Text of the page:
Christmas time is near. Consumers are buying gifts, retailers are stocking up, and parcel deliverers are gearing up to handle the mountains of boxes and avoid messy deliveries.
What can retailers and manufacturers look out for, make sure their shipments arrive on time and their customers are happy?
Additional charges for the insane holiday business
The online shopping boom brings parcel services to their limits. In 2017 parcel shipments increased by 6.1 per cent to more than 3.3 billion for the first time. This corresponds to eleven million shipments per delivery day nationwide and, even more astounding, more than six million customers a day.
The holiday season is a crucible. Have UPS, DHL, FedEx, and Hermes learned from their problems of previous years? They claim they have.
Hermes expects up to 2.2 million shipments per day during the holiday season in 2018 or more than 80 million parcels for the months of November and December. To ensure a good service, the subsidiary of the Hamburg Otto Group has strengthened itself: There are more staff (up to 6,300 people) and more transporters (up to 3,600 vehicles) and new software. In return, the logistics service is charging, for the first time, a peak surcharge for all shipments during the holiday season, including returns. The fees are negotiated on a case-by-case basis. Private customers are not affected.
Competitors UPS and DPD are also enlisting the help of seasonal personnel. They are also introducing a peak surcharge. But market leader DHL hasn’t made plans to do that just yet.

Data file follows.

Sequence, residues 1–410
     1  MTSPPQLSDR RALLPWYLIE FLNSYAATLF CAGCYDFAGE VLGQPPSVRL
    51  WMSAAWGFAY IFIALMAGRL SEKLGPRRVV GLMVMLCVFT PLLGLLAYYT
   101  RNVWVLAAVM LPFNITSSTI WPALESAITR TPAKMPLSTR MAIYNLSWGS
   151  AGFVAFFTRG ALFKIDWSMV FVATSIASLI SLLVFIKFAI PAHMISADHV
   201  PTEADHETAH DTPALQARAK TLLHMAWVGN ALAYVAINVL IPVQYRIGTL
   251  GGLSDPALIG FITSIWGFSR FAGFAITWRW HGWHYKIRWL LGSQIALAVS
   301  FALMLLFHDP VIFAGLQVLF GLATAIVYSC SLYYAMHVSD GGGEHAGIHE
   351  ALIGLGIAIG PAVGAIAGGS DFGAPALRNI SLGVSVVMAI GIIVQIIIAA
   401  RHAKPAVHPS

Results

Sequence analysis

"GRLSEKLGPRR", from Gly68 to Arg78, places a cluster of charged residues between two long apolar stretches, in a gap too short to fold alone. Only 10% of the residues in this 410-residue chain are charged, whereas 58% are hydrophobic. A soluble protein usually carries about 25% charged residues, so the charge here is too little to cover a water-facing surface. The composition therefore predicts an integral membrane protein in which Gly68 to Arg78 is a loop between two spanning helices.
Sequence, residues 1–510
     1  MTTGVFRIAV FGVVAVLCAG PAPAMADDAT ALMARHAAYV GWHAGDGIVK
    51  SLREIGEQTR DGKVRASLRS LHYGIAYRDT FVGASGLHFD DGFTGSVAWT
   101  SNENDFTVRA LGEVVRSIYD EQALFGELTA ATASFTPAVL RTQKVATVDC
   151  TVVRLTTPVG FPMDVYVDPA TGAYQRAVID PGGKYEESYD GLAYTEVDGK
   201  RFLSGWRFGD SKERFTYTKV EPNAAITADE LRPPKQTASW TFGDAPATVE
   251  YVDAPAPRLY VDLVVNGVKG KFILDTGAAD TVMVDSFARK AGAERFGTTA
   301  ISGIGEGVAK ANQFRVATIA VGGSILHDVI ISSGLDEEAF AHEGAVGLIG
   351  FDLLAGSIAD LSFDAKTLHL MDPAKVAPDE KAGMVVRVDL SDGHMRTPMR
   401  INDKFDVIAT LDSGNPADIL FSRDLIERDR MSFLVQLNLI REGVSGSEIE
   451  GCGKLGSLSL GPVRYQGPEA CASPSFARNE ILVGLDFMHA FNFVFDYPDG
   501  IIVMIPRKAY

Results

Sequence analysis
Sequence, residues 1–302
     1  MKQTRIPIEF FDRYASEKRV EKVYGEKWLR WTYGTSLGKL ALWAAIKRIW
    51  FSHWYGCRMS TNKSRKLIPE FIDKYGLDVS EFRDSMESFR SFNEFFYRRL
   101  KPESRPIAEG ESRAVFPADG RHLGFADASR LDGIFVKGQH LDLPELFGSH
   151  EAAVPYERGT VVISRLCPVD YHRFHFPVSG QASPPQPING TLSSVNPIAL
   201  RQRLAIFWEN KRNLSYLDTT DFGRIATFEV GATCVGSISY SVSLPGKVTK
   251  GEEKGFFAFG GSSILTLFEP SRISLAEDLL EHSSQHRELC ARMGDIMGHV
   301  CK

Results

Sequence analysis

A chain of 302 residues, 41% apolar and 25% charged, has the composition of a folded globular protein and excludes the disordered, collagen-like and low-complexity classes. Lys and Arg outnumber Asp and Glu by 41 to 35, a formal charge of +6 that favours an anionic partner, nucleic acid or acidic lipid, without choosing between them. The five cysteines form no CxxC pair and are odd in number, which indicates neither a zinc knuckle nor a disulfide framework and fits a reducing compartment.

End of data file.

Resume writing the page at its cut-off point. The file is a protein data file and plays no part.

Retailers and contractors must, therefore, plan for some service providers to have a higher expenditure, or find alternatives. At the same time, the demands of customers are increasing: Packages should not only arrive on time and be delivered flexibly, but the postage should also be as cheap as possible and be as eco-friendly as possible.
Same day, different approach
At a time when customer demands are constantly growing and supply delivery requirements are tightening, flexibility could be a competitive advantage for retailers. If they can react flexibly to the desired delivery methods, times and locations, they will gain customers. Key phrase: Same Day Delivery.
Online retailers are working hard all year to be fast and efficient, especially in November and December. Zalando, for example, relies on stationery stores to guarantee customers that they can get what they want right away. For same day delivery is not guaranteed for all goods. But is that why you’re out as a retailer? Not if you make an absolute promise an achievable goal: Same Day Availability can make the difference.
Finally, Click & Collect has long since established itself. Why not take advantage of this will of customers and with a well thought-out omnichannel strategy of the large demand for day-specific deliveries? And yet this is easier said than done, but retailers come to the following a lot: More shipments require more staff, more staff requires higher costs.
In the UK, Argos offers a Click & Collect service, available at more than 1,000 locations. Add to that a fast-track home delivery service for the same day. The customers are happy. Especially during the holiday season.
But ensuring availability is one thing, accurate mapping and transparency in communication is the other thing. And with the other, companies can benefit from digital, automated processes. Although replacing inefficient, manual processes with AI and machine learning requires a high degree of readiness to rethink, restructure, and invest more, in the long term this investment is the answer to the question of how to bridge the gap between the immense same day delivery demand and then gain a competitive advantage.
Not everyone can do without delivery services and set up their own fleets like Amazon.